Two local businesses with deep ties to the military and aviation sectors recently got huge lifts from a federally funded training program.
Burbank’s Centerpoint Manufacturing and Glendale’s Accurate Dial & Nameplate are poised to pick up work from some of the largest companies in the nation thanks to months-long improvement efforts, a financial stake from the Verdugo Jobs Center and the expertise of the nonprofit California Manufacturing Technology Consulting.
Using federal stimulus funds, the job center tapped the nonprofit to train staff and provide marketing advice, helping Centerpoint and Accurate Dial to get the certification needed to serve as contractors for Boeing, Lockheed Martin and other firms that hold lucrative military contracts.
Don Nakamoto, a labor force analyst for the Verdugo Jobs Center, said his agency spent about $165,000 to help 18 manufacturing companies — ranging from machine shops to bakeries — through the program, saving 170 jobs while adding about 24 new workers to local payrolls.
“In this environment it has been difficult to save jobs or create new jobs, but by identifying turnaround projects, we’ve been able to do pretty good work for the community,” Nakamoto said.
A few blocks from the Bob Hope Airport, Centerpoint Manufacturing Co. Inc. is run by brothers Andy, Johnny and Tony Rottuno, third-generation owners.
The 45-employee firm manufactures airplane landing gear, as well as parts for oil and gas drilling operations. Like other companies whose ultimate consumer is often the federal government, Centerpoint needs to meet an aerospace industry quality management standard known as AS 9100 to get steady work.
AS 9100 sets the bar for how companies manufacture products, design their operations and test and inspect their work. But it can be a challenge for small firms to meet since the rules are written by the industry’s major players and trade groups.
Johnny Rotunno said Centerpoint had been striving to meet the standard for a decade before the Verdugo Jobs Center program came along last year. When California Manufacturing Technology Consulting notified the Rottunos that stimulus money could absorb some of the cost, they were in. The company was certified in December.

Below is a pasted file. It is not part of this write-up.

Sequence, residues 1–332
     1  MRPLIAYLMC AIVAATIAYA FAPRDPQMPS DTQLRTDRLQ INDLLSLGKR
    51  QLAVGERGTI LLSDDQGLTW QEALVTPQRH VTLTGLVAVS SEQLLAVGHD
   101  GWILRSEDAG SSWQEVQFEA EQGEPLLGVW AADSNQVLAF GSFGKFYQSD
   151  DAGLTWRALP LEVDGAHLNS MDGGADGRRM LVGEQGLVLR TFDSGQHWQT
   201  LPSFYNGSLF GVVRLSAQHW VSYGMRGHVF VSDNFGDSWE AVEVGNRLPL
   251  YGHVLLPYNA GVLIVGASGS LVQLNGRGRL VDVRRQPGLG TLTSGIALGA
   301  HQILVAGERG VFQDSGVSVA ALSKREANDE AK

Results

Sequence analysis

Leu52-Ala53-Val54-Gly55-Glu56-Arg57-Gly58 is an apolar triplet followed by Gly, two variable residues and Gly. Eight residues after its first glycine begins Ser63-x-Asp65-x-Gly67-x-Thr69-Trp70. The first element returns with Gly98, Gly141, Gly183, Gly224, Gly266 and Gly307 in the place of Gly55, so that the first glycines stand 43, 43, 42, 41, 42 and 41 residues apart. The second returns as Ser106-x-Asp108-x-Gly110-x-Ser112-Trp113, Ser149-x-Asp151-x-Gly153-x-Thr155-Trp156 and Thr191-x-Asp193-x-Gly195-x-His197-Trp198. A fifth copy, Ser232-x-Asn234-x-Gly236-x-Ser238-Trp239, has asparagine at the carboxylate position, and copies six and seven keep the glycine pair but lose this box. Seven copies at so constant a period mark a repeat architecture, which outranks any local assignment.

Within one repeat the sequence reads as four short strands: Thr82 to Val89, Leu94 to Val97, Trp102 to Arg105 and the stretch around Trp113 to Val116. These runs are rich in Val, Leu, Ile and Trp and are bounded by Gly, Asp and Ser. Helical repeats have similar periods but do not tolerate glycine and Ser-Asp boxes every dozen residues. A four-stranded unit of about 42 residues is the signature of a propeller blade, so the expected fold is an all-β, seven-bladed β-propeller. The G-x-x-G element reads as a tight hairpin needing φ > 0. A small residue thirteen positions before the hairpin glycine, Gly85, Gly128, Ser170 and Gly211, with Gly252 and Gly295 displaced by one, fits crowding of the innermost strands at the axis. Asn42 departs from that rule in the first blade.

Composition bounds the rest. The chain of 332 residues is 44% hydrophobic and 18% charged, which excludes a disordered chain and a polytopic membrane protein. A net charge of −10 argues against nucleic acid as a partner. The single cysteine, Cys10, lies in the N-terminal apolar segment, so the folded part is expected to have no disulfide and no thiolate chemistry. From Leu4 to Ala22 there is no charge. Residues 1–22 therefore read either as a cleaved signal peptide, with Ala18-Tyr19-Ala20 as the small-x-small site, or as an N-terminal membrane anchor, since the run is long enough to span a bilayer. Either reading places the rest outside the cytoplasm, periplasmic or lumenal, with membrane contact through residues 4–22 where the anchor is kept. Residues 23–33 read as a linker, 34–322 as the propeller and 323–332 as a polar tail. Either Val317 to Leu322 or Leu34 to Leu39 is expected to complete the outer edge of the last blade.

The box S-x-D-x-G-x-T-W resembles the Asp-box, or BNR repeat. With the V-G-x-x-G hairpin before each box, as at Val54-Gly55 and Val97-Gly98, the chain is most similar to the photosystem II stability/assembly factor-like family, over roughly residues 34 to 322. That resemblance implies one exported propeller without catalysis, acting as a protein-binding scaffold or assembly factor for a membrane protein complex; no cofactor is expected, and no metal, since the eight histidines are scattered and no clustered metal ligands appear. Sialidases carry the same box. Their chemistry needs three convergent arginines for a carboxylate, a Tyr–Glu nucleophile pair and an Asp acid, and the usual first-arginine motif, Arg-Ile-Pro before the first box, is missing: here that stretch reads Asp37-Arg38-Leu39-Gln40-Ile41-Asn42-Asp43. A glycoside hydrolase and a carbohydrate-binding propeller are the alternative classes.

“All of our customers are demanding that standard,” Johnny Rotunno. said.
His brother, Tony, said the firm has picked up one job to build the prototype of a new piece of equipment, and he believes more are on the way.
“It’s just like a restaurant,” he said. “The better grade you get, the better clientele you are going to get.”
Accurate Dial is a 21-employee firm that makes everything from cockpit displays on bombers to the ID plates on fire extinguishers.
Quality Manager Erin Dyer said hitting AS 9100 specs was “over our head; we just couldn’t do it.”
The company plans to celebrate its certification with a May 19 visit from Rep. Adam Schiff (D-Burbank). More importantly, it is now in solid standing with major manufacturing firms.
“By bringing our operating manual in compliance with aerospace industry specifications, we were able to retain quoting opportunities with Lockheed Martin and return [to working] with Northrop Grumman,” Dyer said.
Now that the companies have done what’s necessary to survive lean times, Nakamoto said he expects to see the investments pay off.
“Across most parts of the manufacturing sector, they are seeing a pretty significant pickup in activity,” he said. “We expect things are going to start turning around in hiring as well.”